[Date Prev][Date Next][Thread Prev][Thread Next][Date Index][Thread Index]

Re: More GC fun.



On Thu, 17 Aug 2000, David Woodhouse wrote:

> 
> 
> jffs_write_node(), through jffs_possibly_delete_file(), appears to remove a 
> file from the in-core tree as soon as it's deleted, even if there are still 
> nodes on the flash which belong to it.

You mean jffs_possibly_delete_file is called from jffs_insert_node, right?

Yes, the deleted file is removed from the internal file tree. The areas on the
flash corresponding to the deleted file's nodes, represented with jffs_fm
structs, are kept to be able to track during garbage collection.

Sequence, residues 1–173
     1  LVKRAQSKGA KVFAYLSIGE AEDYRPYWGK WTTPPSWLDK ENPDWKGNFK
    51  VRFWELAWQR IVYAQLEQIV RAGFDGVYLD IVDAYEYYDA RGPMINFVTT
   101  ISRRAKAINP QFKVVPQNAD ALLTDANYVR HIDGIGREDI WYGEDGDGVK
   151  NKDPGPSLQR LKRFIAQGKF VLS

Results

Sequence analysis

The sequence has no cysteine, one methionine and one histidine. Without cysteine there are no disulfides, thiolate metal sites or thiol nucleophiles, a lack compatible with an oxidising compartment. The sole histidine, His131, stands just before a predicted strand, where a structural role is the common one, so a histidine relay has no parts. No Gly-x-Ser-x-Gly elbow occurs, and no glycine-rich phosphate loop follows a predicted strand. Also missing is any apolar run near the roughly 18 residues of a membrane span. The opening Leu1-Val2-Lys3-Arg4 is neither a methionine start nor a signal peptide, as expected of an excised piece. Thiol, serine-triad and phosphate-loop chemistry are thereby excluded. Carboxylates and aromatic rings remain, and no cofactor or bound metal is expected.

> When jffs_garbage_collect_now() later tries to pass over those nodes, it 
> isn't happy, because it can't find the file to which they belong.

At least for the moment, I don't see why the nodes of a _deleted_ file are
needed during a garbage collection.


> I think we want to keep the file in the tree until the last node has been 
> removed by GC. That way, we know which inode numbers can safely be re-used 
> after c->next_ino wraps. (/me spots a new can-o-worms in that one ;)

:-)

I dismissed the thoughts of c->next_ino should ever wrap in a real situation. I
reasoned that the flash device itself would have broken long before such a wrap.
I might have misjudged this issue of course.

(During each scan of a flash partition, the next_ino is recalculated and
sometimes some numbers are reused that way.)


/Finn